Inspiring creative writing after winter break can be tough on teachers and students. Try out these winter-themed creative writing prompts to help spark students returning to class from the holidays!
It was five days after Christmas, and Aaron was sitting in the living room. He had already built all of his new Lego sets and read the books his Mom had bought him. Truth be told, he was kind of bored.
Aaron tapped the wall absentmindedly with a pencil. Tap. Tap. Tap.
Suddenly, Aaron heard a noise. Clunk. Clunk. Clunk.
Aaron tapped again. Tap. Tap. Tap.
Clunk, clunk, clunk, he heard.
Aaron went around the room, and finally, he figured out where the odd sounds were coming from. he bent down and peered up the chimney. Though the chimney was dark and dusty, Aaron caught a glimpse of a pair of feet. Santa Claus had been stuck in the chimney ever since Christmas Eve!
A quick tug brought him down in a cloud of soot. After Santa sneezed three times, he began to explain…
It was the worst winter storm of the century. It snowed for two weeks straight. Schools were closed. Stores were closed. The highways and roads were impassable. No one lost power, but taking care of the basics of life was hard.
Faith’s family was better off than many others were. The good news was that they had plenty of food and supplies on hand. The bad news was that her grandparents, Aunt Flora and Uncle Joe, and cousins, Todd and Miley, had been over when the storm had hit. Faith, her parents, and her two brothers were stuck indoors with six extra people.
Tempers were getting short, and frustrations were running high.
“I’m tired of soup!” complained Miley. “We’ve had soup for supper the last three nights in a row. And I’m tired of being here, too. Mom, when are we going home?”
Yeah, thought Faith as she rolled her eyes. When are you going home?
She looked out the window at all of the snow piled everywhere. Her aunt and uncle’s car was just a hump under the mounds of snow. It was going to be a long time before any of it melted.
Faith opened her mouth to respond, but before she could answer, there was a knock at the front door…
As Evan was exploring the snowy woods near the creek behind his Granddad’s farm, he tripped on a large branch and fell. He slid down the bank onto the frozen creek. As Evan struggled to his feet on the slippery ice, he noticed a hollow behind a mass of tree roots. After looking more closely, Evan discovered a concealed cave.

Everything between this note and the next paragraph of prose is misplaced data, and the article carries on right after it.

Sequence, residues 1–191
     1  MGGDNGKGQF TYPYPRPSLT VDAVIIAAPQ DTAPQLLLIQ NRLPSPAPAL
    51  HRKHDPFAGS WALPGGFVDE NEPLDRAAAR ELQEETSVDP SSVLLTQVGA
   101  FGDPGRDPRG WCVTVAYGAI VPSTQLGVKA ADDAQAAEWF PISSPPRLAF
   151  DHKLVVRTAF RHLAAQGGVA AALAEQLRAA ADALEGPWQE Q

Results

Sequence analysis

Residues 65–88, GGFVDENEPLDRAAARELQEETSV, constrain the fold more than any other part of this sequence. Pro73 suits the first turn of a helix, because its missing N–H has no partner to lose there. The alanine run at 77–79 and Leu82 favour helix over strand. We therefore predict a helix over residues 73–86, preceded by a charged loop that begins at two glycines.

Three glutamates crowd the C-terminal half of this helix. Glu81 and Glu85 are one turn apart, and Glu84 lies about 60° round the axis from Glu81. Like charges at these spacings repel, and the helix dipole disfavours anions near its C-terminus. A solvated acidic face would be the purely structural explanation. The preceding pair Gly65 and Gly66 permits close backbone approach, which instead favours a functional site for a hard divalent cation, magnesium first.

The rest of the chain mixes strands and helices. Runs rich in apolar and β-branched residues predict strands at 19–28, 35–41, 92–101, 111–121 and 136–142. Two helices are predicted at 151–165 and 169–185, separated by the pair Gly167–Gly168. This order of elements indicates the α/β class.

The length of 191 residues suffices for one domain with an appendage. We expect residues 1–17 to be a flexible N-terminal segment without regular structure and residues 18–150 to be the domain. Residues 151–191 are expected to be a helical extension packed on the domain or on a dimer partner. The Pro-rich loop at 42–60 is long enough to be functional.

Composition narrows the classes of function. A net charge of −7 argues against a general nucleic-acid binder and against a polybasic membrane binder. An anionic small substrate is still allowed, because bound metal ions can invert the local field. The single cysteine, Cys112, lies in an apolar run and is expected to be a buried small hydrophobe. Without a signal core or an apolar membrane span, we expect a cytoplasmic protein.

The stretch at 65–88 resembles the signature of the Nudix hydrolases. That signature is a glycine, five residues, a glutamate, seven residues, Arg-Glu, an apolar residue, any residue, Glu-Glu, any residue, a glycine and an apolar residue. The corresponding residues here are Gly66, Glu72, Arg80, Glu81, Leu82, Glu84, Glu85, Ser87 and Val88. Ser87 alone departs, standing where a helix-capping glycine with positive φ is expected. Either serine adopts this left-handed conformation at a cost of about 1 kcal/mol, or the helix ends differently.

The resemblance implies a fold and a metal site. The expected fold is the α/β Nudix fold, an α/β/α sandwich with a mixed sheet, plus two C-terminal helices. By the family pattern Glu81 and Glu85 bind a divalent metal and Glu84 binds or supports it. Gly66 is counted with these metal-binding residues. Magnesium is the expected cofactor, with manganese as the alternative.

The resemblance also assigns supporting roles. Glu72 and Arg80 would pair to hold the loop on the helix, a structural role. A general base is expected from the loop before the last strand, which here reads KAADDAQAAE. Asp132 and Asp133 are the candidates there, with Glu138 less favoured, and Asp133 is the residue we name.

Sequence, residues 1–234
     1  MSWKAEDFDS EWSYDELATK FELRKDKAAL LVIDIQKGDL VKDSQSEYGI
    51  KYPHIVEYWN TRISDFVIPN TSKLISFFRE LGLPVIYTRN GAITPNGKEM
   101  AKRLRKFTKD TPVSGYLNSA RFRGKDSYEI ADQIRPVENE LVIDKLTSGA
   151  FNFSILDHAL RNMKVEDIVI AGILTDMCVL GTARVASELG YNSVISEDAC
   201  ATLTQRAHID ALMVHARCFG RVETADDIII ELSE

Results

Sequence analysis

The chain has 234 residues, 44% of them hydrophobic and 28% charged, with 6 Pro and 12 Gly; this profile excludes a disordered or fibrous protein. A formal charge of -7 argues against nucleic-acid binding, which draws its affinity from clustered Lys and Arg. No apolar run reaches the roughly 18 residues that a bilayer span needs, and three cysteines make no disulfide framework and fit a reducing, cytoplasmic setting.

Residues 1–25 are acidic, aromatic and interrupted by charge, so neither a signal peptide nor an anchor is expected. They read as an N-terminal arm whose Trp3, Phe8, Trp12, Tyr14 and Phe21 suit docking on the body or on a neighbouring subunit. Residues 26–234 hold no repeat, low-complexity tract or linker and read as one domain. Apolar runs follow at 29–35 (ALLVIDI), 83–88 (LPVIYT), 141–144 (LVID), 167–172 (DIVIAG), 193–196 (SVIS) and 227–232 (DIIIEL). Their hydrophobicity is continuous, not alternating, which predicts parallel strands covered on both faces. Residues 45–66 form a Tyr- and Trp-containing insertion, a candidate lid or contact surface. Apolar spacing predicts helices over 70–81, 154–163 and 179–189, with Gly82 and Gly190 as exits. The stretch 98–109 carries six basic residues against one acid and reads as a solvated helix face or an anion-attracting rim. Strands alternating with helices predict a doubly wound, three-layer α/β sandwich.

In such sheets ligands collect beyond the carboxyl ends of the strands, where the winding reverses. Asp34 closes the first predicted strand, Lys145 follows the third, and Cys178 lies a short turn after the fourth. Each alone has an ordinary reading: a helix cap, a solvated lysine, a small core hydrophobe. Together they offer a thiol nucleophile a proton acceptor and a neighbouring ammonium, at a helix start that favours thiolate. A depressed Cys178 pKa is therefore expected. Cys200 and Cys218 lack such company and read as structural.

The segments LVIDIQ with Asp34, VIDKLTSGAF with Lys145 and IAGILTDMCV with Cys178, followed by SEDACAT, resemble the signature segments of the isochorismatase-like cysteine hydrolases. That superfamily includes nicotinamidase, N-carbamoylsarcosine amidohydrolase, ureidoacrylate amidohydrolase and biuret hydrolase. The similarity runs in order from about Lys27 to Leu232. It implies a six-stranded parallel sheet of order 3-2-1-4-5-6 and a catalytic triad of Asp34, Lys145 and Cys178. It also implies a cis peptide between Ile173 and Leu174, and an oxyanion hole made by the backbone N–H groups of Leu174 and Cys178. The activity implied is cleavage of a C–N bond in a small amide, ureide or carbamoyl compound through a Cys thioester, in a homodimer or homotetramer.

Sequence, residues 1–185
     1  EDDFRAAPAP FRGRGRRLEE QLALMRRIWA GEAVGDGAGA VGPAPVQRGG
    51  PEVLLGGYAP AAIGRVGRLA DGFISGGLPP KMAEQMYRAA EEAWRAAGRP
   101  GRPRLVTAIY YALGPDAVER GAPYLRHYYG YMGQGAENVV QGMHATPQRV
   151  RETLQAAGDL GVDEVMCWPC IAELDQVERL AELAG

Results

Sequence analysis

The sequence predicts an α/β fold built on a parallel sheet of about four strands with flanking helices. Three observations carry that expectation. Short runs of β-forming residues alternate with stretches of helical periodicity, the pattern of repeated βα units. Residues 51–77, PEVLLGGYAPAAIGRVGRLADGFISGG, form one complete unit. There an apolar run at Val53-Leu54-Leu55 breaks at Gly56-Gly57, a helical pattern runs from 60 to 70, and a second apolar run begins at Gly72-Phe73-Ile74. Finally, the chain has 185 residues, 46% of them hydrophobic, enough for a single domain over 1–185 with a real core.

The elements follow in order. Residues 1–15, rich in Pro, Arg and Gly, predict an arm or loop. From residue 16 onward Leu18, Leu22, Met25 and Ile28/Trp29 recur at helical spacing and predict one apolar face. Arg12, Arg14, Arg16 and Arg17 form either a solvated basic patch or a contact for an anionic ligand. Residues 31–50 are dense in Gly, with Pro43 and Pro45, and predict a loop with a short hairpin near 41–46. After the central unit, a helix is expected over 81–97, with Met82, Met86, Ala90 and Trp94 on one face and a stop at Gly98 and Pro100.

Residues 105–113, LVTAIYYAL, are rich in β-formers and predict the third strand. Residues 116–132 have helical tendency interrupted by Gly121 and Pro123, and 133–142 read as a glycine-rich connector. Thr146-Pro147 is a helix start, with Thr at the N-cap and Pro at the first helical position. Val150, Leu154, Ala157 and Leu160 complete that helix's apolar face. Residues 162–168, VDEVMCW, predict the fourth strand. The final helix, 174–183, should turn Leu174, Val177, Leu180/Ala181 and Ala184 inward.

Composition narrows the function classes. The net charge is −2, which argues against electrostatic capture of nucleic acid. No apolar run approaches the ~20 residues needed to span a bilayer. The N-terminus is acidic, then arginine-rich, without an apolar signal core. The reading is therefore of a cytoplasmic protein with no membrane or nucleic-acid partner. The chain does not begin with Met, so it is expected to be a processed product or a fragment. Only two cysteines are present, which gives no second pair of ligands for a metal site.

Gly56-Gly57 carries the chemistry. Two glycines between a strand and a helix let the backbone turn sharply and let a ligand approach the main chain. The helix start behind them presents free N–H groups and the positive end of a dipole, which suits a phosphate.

Even though caves made him a little nervous, Evan cautiously crept inside. When his eyes adjusted to the dim light in the cave, he saw that it led further back than he expected. It was much warmer than the outdoors, and Evan’s sense of adventure drew him further into the cavern.
After walking just a few minutes, Evan heard voices…
Snow and ice. Ice and snow. The view from Seth’s bedroom window hadn’t changed in weeks. The fun of winter was tired and worn out, and Seth longed for warm days, bare feet, and the swimming pool at the park. School was dull, and it seemed like Spring Break would never get here.
Seth figured that something had to happen or he was going to go crazy. He was going to start yelling and never stop, or kick a hole in the wall, or throw his cereal at his sister’s smirking face at breakfast the next morning.
Seth stared out the window at the mail truck sliding up the road. In front of Seth’s house, the mailman stopped, put the truck in park, and wrestled a huge, bright red box onto the front porch. Enormous yellow letters on the box said, “Property of Ian the Great—Magician, Illusionist, and Master of the Mystical.”
Seth pounded down the stairs and flung open the front door. He dragged the heavy metal box into the entry and unfastened the catches that held the lid closed. When the box lid swung open, Seth saw…
Do you have more writing prompts to share with your fellow teachers? If so, please do so below!